Merck and GlaxoSmithKline are both increasing the number of sales reps operating in China, according to separate presentations given by the two companies. In both cases, added reps in emerging markets are helping to offset significant reductions in US sales forces, company executives said.
Merck’s president and CEO Ken Frazier, in a presentation given at the JP Morgan Healthcare Conference on January 11, said sales forces in the US were reduced “by nearly one-third, 32%,” in 2010. “At the same, we were substantially increasing our presence and field force in emerging markets, like China, Brazil and Russia,” said Frazier. A transcript of the presentation is available here.
Overall, global pharmaceutical and vaccine sales forces were reduced by 12% in 2010, according to Frazier, and the company’s total sales – year-to-date September 2010 – grew by 3%, he said. That growth came during a period of “maximum disruption,” when Merck was “blending sales forces [with Schering-Plough’s reps], training reps on new products and disrupting established customer relationships,” said Frazier.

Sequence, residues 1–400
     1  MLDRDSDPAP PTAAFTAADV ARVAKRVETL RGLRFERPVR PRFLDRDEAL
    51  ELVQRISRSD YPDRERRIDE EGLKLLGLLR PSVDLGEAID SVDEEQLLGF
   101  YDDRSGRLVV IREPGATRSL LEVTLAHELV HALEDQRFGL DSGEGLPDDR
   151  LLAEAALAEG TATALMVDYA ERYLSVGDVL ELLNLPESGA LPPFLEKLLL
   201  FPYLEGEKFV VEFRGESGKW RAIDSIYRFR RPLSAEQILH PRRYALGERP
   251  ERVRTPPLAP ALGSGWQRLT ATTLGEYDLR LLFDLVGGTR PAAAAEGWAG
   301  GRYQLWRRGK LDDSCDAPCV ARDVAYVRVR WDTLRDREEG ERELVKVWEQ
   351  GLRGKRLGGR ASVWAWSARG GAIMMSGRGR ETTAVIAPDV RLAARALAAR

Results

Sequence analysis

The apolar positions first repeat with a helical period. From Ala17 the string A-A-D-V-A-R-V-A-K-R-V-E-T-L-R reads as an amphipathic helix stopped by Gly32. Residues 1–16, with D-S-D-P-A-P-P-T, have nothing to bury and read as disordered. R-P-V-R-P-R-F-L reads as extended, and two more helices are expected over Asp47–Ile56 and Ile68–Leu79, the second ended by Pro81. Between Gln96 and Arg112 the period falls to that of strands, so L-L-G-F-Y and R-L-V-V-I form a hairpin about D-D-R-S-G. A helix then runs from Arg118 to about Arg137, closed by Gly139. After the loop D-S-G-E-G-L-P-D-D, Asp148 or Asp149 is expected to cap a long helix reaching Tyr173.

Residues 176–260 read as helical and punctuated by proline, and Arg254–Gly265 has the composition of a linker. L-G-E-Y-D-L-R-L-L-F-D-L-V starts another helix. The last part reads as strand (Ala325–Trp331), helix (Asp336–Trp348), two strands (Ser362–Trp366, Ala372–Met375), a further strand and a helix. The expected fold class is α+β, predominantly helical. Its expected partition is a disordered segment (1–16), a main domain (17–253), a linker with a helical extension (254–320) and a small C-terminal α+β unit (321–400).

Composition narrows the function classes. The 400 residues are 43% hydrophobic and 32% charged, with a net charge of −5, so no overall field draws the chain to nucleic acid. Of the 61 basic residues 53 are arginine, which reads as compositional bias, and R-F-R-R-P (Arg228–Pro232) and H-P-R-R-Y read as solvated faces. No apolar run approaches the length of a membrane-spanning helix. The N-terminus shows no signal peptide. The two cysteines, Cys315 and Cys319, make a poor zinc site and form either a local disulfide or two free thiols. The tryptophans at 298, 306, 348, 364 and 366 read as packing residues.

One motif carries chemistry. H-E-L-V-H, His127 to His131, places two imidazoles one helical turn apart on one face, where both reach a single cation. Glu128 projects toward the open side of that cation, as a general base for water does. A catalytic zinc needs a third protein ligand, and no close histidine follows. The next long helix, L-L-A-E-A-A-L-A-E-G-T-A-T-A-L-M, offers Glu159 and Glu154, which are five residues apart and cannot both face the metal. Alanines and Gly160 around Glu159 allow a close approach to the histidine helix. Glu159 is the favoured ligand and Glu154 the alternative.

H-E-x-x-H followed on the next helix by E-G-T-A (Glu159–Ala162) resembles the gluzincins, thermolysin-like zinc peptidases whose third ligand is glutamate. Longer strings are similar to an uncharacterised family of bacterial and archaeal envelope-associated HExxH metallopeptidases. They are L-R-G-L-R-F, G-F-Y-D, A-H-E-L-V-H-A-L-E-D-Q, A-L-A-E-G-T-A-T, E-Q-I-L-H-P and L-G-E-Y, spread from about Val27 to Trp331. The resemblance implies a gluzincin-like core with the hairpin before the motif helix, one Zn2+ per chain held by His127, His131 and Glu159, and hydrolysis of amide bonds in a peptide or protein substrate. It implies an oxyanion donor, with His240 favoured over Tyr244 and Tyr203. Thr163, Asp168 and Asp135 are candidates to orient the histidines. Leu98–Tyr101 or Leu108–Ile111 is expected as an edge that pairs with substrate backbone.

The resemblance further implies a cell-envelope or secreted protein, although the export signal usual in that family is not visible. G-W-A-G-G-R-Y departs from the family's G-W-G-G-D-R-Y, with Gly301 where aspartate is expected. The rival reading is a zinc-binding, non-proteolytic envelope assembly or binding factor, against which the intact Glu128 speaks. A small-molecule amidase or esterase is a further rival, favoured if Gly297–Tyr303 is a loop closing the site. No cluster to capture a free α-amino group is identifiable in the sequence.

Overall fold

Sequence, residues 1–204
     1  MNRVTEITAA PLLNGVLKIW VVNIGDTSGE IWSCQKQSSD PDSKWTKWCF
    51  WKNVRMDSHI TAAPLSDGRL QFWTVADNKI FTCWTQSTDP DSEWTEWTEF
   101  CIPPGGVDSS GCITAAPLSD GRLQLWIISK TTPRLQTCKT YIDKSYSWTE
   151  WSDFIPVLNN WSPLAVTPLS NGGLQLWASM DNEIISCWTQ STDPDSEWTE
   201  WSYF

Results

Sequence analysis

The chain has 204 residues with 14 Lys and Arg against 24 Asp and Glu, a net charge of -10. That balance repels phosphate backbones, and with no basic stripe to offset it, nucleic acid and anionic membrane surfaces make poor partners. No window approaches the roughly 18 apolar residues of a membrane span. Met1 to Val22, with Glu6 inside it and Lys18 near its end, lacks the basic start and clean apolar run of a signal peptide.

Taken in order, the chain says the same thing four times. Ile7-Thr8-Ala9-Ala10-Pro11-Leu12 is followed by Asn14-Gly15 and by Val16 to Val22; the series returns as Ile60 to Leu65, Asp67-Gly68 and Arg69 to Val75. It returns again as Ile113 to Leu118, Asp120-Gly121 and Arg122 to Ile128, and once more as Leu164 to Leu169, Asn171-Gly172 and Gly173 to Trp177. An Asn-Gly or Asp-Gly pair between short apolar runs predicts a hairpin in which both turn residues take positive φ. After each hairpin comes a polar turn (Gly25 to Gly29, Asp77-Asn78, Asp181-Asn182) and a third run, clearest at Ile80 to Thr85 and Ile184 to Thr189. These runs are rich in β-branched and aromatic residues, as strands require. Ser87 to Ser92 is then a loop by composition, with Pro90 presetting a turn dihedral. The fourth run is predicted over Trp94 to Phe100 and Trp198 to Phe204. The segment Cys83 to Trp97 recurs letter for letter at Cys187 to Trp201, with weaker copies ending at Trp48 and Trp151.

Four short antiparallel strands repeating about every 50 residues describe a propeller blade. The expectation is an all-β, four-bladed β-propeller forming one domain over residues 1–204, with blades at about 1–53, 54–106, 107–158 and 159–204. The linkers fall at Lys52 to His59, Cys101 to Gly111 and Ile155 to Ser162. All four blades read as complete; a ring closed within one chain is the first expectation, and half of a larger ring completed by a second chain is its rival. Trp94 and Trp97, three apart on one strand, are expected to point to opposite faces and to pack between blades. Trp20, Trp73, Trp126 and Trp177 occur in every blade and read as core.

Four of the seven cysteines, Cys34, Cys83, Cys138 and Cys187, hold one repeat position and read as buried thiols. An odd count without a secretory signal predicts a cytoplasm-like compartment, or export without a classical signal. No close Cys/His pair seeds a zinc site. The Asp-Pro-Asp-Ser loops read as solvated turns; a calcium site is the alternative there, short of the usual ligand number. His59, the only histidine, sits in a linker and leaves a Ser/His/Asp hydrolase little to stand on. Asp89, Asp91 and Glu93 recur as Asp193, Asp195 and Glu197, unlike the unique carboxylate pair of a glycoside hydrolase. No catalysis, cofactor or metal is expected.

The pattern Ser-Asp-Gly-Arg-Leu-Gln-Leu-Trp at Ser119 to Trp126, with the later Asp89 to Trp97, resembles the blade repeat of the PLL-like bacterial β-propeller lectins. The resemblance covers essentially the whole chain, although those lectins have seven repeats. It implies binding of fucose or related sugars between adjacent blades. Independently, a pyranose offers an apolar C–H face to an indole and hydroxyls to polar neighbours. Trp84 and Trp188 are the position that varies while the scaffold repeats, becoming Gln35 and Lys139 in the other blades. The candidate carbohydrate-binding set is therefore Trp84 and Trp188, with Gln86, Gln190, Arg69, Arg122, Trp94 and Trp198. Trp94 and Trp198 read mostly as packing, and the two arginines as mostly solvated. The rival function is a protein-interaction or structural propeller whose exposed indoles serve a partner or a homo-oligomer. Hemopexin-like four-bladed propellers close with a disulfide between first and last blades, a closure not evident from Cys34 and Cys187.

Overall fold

In a separate presentation given in December, Mark Reilly, GSK’s general manager, China and Hong Kong, said GSK had steadily escalated sales force numbers in China; as of March 2010, over 2,500 reps were working in the Chinese market, according to slides from the presentation. GSK ranked 14 in terms of market share in China, at just under 1% of the total share. Pfizer, AstraZeneca, and Sanofi Aventis ranked first, second and third, respectively, with Pfizer’s market share holding at less than 3%, according to Reilly’s slides.
The GSK presentation was given on December 1, at the CLSA Emerging Markets Healthcare Forum.